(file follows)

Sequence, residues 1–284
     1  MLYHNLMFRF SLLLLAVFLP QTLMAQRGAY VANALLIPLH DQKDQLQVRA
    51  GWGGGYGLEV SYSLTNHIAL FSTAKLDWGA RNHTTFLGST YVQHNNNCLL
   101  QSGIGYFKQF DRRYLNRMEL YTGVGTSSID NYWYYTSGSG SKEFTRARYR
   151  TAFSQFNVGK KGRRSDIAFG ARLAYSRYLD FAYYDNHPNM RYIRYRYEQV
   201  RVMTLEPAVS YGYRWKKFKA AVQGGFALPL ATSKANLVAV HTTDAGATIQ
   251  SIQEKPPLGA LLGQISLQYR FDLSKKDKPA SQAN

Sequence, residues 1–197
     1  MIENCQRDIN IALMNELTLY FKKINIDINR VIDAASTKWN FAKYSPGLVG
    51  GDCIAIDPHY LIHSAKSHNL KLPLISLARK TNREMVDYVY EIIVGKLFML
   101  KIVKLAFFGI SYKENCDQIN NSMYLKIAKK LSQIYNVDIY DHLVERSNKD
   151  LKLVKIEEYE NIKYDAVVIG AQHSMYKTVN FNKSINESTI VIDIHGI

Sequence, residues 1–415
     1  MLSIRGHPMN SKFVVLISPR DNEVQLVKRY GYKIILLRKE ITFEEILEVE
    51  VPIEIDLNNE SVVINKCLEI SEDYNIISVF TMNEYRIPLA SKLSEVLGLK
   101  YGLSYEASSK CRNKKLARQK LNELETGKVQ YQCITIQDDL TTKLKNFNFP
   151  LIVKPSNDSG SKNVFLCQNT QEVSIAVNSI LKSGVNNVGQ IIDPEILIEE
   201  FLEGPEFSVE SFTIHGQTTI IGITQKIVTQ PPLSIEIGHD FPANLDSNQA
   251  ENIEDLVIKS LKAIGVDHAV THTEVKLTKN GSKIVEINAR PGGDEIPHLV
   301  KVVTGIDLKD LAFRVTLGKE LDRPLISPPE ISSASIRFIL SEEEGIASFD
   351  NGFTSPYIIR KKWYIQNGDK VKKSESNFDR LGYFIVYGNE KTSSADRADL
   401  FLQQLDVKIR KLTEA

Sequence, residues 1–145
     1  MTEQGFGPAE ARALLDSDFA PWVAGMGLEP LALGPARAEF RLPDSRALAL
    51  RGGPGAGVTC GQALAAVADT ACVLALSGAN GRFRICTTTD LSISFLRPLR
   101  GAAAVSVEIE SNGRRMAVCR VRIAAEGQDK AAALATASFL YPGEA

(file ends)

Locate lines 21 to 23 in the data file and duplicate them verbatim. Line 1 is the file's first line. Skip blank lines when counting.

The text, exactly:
   351  NGFTSPYIIR KKWYIQNGDK VKKSESNFDR LGYFIVYGNE KTSSADRADL
   401  FLQQLDVKIR KLTEA

Sequence, residues 1–145